Not only does variety exist in the descriptions of verbal aspect as a semantic category, but in the descriptions of a specific verbal aspect for the Perfect tense-form as well. Some studies describe the semantics of the Perfect utilising verbal aspect, while others focus on some of the functions of the various tense-forms or on some of the practical applications of Perfect tense-forms more broadly.4 Attempts to define the semantics of the Perfect range from being truly semantic to being somewhat temporal or functional.5 One semantic description for the Perfect is “perfective,” equating the aspect of the Perfect with that of the Aorist due to its actional component. Another semantic description is “imperfective,” equating the Perfect with the Present and the Pluperfect with the Imperfect, due to the ongoing nature observed for the Present. A third type of aspect described in the literature is “stative,” where the state of the grammatical subject is highlighted by the Perfect tense-form. Other descriptions combine features of tense ←10 | 11→or Aktionsart into their understanding of the Greek Perfect and mix functional or contextual material with the semantics.6
One problem in the above descriptions is that perfective and imperfective are opposites within the verbal aspect descriptions, raising the concern regarding how both could be possible. Since each aspect is selected for the whole tense-form by different scholars it is unclear how this decision is related to the morphology of the Perfect tense-form. Another problem is how stativity fits within a verbal aspect network, where complete (perfective) and incomplete (imperfective) views on the verb are items of the same set, while stativity seems to belong to a different linguistic category than do the perfective and imperfective. A third problem is how temporal descriptions relate to aspectual ones. A fourth problem is that for those whose definitions blend aspectual and pragmatic components, they obscure what verbal aspect is itself. Before these issues can be sorted out, it is helpful to review what verbal aspect is as a semantic category, and how this category fits into the overall meaning of verbs generally, and then to review more specifically what the verbal aspect is for the Perfect tense-form. Varieties in the descriptions of the Greek synthetic Perfect tense-form appear to be partly due to differences in how verbal aspect is understood.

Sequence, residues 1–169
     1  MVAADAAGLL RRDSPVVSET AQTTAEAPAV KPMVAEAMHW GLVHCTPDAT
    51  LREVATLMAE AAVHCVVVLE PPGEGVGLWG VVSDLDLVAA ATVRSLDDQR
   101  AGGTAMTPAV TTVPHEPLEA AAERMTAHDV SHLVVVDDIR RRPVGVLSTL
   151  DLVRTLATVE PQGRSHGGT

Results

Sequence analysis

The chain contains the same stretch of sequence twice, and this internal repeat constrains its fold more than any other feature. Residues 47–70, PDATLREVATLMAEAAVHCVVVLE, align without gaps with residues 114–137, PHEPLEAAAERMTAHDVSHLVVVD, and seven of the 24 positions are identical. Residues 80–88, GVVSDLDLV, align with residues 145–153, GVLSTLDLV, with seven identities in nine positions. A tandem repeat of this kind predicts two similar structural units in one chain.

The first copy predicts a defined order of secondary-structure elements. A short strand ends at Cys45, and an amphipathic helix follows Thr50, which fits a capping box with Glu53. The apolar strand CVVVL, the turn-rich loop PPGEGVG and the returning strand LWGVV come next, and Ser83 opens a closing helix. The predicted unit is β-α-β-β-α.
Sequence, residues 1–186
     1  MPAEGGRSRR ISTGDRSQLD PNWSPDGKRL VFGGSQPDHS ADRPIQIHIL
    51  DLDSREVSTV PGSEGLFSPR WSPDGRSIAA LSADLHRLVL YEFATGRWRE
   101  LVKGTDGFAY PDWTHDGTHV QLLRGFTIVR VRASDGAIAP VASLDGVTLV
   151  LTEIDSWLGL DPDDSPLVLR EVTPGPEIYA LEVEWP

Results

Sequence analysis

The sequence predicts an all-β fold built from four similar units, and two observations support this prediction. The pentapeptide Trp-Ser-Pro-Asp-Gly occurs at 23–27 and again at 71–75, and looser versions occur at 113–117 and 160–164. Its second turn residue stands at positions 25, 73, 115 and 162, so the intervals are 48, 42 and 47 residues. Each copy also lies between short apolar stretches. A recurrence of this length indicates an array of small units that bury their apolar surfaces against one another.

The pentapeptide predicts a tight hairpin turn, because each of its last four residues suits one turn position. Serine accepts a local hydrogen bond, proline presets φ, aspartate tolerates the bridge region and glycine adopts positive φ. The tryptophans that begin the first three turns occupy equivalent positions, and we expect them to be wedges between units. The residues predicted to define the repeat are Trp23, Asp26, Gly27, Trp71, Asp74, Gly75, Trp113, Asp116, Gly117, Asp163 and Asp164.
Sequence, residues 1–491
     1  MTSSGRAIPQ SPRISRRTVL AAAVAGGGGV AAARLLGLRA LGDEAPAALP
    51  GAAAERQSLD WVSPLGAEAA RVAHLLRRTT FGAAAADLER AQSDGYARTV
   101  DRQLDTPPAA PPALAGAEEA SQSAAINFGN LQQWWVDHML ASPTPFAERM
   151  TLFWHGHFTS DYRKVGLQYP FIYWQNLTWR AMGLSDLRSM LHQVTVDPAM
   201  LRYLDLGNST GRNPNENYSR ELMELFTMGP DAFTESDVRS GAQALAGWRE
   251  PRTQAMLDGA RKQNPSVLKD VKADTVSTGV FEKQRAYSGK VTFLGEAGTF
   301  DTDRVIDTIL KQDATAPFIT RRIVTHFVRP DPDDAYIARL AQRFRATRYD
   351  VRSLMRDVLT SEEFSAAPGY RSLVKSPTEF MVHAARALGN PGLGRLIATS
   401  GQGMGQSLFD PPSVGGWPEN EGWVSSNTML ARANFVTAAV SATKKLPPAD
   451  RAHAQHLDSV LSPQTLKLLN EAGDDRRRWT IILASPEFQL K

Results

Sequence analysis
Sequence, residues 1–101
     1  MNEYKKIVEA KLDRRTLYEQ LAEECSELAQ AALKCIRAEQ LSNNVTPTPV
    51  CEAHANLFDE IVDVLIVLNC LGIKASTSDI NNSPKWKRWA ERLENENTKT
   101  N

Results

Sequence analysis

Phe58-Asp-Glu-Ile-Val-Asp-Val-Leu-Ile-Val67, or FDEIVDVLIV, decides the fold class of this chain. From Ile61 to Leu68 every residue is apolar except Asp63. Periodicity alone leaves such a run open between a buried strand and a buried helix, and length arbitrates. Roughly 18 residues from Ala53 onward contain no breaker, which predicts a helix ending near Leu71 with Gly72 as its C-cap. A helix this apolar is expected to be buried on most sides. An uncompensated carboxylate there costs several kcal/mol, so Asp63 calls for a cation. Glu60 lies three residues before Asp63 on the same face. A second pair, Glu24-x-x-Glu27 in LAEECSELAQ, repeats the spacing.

The analysis of verbal aspect as a category places boundaries on what items can be included as individual verbal aspects. Several scholars have distinguished verbal aspect as a category separate from tense, mood, lexical meaning, and Aktionsart. Concepts such as the subjectivity of aspect and uncancellability of semantics more generally emerge as components of this discussion, and are defined in this section. These definitions lead to refinements in the definition of the category of verbal aspect.